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Libya government 'split over Haftar's appointment as army chief'

Disputes emerge between Tobruk parliament ministers after general confirmed as leader of government forces, with reports that defence minister threatened to resign.

A Libyan source in the Tobruk government, headed by Abdullah al-Thani, have told al-Araby al-Jadeed that sharp disputes erupted in the government’s ranks following the appointment of Khalifa Haftar as army chief.

The claims follows reports of a tentative agreement reached on Saturday by the parties to the Libyan conflict to form a “consensus” government.

The source, who asked not to be named, said: “The Tobruk parliament’s decision to appoint Haftar as general commander of the army sparked sharp differences.

“The defence minister in the Tobruk government, Massoud Rhouma, threatened to resign during a recent meeting with the [pro-Haftar] parliament speaker Akila Saleh Issa and Thani.”

The source said the defence minister sees the move as undermining his own powers.

The source said Egyptian and Emirati officials intervened to stop Rhouma from resigning, and promised to help establish the scope of work for each official, including Haftar and the army chief of staff.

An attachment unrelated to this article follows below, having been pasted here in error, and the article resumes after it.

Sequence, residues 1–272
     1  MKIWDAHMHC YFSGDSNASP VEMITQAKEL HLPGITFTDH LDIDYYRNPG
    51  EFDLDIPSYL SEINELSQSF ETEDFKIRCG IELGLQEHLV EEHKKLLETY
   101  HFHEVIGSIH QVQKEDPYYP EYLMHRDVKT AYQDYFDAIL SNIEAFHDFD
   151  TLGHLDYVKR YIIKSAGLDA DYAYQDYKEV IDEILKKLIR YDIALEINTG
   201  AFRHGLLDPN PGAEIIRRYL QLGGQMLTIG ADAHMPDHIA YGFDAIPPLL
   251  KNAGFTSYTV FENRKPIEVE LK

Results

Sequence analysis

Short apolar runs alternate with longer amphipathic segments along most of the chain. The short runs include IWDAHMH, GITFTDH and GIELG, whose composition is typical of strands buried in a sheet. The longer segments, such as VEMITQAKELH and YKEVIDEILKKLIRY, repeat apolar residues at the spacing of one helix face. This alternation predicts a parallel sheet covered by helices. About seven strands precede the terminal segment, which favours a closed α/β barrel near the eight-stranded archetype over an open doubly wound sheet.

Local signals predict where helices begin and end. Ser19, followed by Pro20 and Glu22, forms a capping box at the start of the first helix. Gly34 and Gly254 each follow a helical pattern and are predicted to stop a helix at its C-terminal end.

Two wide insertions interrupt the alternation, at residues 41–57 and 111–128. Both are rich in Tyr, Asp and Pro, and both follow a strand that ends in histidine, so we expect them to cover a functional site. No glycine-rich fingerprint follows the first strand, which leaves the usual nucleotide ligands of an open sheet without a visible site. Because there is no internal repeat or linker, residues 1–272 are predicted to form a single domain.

Previously, the commander of the air force, Saqr Geroushi, had threatened to bomb the parliament in Tobruk should Haftar’s appointment go through.

Meanwhile, Thani has received promises from Sudan to end support for what they called armed militias in Libya, including arms shipments across the joint border.

If true, this Sudanese pledge would follow a recent visit by Sudanese president, Omar al-Bashir, to the UAE, where it was reported that he received pledges of financial supprot for Sudan in return for cutting ties to his Islamist allies.

In the meantime, negotiations are under way as part of the UN-sponsored Libyan national dialogue in Morocco. The purpose of the talks is to reach a final settlement regarding the form of the consensus government.

On Saturday, the Anadolu news agency quoted an unnamed member of the Libya Dawn-backed, Islamist-led Tripoli government as saying that a written agreement was proposed regarding the criteria for choosing the head of a united government, its form, its term, and its jurisdictions, in addition to the number of portfolios in the cabinet.

The Tobruk and Tripoli delegations will now return to their superiors to consult over the candidates, before returning to Morocco on Wednesday to discuss the names and agree which legislative authority would give the consensus government a vote of confidence.

The Tripoli member said his delegation was feeling optimistic about the dialogue.

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